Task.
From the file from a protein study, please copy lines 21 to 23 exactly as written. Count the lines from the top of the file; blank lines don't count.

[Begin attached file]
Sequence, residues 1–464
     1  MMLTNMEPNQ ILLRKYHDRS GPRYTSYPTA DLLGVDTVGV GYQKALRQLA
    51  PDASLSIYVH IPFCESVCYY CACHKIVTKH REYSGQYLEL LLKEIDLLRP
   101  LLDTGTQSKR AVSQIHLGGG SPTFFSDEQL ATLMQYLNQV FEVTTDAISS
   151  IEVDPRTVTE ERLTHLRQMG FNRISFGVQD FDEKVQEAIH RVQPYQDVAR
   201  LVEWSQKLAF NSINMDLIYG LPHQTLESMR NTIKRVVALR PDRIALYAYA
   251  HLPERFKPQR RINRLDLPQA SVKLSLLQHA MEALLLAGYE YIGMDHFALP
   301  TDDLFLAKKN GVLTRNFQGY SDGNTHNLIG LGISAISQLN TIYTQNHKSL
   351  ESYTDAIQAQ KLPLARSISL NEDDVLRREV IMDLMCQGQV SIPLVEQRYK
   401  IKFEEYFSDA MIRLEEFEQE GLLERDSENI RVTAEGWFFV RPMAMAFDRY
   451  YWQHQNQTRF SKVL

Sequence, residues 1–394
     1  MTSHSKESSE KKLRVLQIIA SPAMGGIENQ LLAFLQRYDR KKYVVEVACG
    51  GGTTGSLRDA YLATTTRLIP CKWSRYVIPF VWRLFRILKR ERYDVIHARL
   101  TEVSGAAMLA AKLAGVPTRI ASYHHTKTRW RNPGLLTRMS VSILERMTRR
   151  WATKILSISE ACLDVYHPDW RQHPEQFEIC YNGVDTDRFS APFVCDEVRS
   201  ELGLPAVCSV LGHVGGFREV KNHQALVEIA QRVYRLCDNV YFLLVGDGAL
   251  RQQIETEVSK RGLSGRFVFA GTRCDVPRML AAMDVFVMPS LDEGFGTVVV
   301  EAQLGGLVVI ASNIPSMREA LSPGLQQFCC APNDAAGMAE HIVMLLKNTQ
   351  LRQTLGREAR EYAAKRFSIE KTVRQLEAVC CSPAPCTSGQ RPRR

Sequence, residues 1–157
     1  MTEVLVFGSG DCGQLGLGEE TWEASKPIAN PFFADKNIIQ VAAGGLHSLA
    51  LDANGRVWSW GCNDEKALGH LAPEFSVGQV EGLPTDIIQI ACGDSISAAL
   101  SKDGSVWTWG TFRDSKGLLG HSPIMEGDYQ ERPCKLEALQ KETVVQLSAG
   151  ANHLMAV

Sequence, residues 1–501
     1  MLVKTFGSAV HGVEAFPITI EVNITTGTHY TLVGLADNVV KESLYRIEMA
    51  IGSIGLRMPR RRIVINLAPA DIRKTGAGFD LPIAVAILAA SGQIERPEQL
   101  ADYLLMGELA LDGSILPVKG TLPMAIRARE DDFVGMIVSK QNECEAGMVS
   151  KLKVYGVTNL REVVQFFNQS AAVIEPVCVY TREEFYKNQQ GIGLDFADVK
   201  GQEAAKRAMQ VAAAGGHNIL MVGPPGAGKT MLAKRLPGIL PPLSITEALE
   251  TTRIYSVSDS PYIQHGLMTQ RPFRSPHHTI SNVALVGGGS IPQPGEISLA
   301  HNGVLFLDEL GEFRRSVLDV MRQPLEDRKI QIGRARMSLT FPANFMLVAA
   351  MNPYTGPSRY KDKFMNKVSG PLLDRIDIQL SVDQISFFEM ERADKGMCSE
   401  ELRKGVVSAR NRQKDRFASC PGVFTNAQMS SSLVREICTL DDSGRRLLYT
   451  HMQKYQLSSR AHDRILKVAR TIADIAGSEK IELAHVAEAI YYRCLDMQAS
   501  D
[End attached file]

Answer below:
Sequence, residues 1–157
     1  MTEVLVFGSG DCGQLGLGEE TWEASKPIAN PFFADKNIIQ VAAGGLHSLA
    51  LDANGRVWSW GCNDEKALGH LAPEFSVGQV EGLPTDIIQI ACGDSISAAL